Retail sales fell in April for a third straight month, dashing hopes that consumer spending was starting to revive and would help end the recession.
Economists said families who are worried about layoffs and unpaid job furloughs were saving more and spending less, delaying the start of a sustained recovery.
Retail sales fell 0.4% last month, a worse result than the flat performance many economists had expected, the Commerce Department reported Wednesday.
Retail sales had posted gains in January and, initially, February after falling for six straight months. The gains had raised hopes that the consumer sector of the economy might be stabilizing. But the setbacks in March and April -- and a revision Wednesday showing a decline in February -- cast doubt on that prospect.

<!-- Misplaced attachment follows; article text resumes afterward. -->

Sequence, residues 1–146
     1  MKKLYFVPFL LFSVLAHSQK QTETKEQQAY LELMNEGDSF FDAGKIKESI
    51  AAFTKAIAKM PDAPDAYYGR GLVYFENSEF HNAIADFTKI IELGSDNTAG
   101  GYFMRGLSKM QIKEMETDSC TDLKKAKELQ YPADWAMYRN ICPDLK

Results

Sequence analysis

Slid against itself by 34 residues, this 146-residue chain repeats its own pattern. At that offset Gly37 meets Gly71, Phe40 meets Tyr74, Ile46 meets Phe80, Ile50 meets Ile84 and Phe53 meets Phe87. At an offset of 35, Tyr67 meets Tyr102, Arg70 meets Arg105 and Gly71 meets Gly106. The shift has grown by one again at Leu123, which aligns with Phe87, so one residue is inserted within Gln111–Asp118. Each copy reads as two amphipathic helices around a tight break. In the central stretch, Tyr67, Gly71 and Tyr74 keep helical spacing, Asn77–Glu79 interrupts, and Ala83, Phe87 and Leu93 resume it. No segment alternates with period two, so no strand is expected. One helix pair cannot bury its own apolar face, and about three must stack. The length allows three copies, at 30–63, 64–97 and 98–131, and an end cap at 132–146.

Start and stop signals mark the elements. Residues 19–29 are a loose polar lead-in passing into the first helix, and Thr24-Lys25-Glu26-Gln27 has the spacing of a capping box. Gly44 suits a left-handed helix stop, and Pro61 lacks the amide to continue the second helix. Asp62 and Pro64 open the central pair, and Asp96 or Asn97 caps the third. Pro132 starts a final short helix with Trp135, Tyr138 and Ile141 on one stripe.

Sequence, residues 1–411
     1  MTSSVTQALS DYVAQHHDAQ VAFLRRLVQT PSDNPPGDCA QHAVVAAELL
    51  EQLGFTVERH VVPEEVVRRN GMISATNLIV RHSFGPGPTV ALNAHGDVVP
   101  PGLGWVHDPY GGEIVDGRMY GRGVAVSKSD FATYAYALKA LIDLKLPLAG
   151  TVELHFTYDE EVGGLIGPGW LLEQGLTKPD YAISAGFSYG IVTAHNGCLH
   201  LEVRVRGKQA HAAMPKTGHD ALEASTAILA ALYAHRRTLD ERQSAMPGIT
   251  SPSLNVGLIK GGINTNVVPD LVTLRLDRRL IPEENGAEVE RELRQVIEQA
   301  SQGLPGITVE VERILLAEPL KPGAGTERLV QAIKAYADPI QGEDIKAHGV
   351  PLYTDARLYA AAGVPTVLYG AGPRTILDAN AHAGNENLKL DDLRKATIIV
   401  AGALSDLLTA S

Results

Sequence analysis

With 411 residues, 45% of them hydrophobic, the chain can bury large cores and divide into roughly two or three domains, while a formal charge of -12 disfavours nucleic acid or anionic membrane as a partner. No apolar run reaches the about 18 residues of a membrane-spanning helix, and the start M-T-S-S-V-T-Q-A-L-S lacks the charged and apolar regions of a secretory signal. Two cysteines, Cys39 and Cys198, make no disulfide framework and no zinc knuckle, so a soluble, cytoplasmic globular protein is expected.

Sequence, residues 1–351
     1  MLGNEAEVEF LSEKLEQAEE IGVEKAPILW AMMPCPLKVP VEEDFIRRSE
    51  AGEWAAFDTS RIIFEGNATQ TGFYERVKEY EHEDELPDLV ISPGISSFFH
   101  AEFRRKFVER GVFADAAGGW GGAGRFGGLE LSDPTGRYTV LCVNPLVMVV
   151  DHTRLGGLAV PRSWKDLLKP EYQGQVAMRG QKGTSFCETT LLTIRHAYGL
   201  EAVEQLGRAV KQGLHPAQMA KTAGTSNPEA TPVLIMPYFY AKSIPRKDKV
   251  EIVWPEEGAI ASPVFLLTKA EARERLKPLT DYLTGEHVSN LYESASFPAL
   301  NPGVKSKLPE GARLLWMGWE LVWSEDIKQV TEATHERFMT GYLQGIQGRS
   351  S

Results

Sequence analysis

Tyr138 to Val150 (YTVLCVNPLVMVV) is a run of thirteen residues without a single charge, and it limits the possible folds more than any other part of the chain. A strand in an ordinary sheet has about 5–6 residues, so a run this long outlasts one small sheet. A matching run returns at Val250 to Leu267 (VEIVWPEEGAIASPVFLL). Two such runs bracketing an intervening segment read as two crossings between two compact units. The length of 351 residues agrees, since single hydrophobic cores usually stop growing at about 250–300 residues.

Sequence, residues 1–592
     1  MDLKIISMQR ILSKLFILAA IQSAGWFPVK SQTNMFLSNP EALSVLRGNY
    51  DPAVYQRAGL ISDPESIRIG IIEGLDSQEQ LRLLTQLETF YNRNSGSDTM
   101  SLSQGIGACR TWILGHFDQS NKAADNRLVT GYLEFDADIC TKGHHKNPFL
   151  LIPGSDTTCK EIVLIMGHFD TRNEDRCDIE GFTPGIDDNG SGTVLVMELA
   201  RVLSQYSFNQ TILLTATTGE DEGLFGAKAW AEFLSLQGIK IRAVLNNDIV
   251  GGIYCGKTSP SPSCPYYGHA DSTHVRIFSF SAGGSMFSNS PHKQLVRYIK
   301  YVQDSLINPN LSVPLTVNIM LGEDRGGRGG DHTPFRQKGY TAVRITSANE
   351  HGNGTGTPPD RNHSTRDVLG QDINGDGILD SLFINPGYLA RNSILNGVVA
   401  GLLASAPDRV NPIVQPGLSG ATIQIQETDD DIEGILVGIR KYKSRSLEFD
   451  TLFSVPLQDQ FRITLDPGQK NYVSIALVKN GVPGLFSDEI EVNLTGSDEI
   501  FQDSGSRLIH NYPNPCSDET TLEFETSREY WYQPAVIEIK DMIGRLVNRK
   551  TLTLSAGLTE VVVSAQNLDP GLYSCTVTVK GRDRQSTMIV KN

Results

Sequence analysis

“People are obviously still very nervous and not spending,” said David Wyss, chief economist at Standard & Poor’s in New York. “The economy is still in a recession, and I don’t think we will hit bottom until late summer or early fall.”
The fall in retail sales in April came even though car sales posted a 0.2% increase. Excluding autos, the drop in retail sales would have been 0.5% -- much worse than the 0.2% gain economists had expected.
Sales other than autos showed widespread weakness last month. Demand at department stores and general merchandise stores fell 0.1%. Sales at specialty clothing stores dropped 0.5%.
Sales also fell in April at furniture stores, electronics and appliance stores, food and beverage stores and gasoline stations.